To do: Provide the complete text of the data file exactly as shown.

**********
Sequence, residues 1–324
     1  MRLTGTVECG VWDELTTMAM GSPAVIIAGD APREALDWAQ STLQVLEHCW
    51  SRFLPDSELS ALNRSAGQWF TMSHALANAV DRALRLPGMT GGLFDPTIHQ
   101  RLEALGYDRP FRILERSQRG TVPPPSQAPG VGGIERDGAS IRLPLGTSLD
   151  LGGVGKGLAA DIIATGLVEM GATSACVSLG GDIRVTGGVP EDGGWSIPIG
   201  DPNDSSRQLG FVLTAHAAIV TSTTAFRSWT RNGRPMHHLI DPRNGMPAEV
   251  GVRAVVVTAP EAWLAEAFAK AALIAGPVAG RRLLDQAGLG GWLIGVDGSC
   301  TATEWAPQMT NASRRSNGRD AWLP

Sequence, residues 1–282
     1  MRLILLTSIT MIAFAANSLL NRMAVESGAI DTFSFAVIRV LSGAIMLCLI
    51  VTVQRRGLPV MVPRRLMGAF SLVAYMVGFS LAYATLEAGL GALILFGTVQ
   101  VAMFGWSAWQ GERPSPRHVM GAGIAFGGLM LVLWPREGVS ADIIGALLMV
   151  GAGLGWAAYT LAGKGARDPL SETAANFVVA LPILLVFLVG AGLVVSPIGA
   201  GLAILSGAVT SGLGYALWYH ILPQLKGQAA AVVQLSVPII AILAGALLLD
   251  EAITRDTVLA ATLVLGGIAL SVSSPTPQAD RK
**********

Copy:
Sequence, residues 1–324
     1  MRLTGTVECG VWDELTTMAM GSPAVIIAGD APREALDWAQ STLQVLEHCW
    51  SRFLPDSELS ALNRSAGQWF TMSHALANAV DRALRLPGMT GGLFDPTIHQ
   101  RLEALGYDRP FRILERSQRG TVPPPSQAPG VGGIERDGAS IRLPLGTSLD
   151  LGGVGKGLAA DIIATGLVEM GATSACVSLG GDIRVTGGVP EDGGWSIPIG
   201  DPNDSSRQLG FVLTAHAAIV TSTTAFRSWT RNGRPMHHLI DPRNGMPAEV
   251  GVRAVVVTAP EAWLAEAFAK AALIAGPVAG RRLLDQAGLG GWLIGVDGSC
   301  TATEWAPQMT NASRRSNGRD AWLP

Sequence, residues 1–282
     1  MRLILLTSIT MIAFAANSLL NRMAVESGAI DTFSFAVIRV LSGAIMLCLI
    51  VTVQRRGLPV MVPRRLMGAF SLVAYMVGFS LAYATLEAGL GALILFGTVQ
   101  VAMFGWSAWQ GERPSPRHVM GAGIAFGGLM LVLWPREGVS ADIIGALLMV
   151  GAGLGWAAYT LAGKGARDPL SETAANFVVA LPILLVFLVG AGLVVSPIGA
   201  GLAILSGAVT SGLGYALWYH ILPQLKGQAA AVVQLSVPII AILAGALLLD
   251  EAITRDTVLA ATLVLGGIAL SVSSPTPQAD RK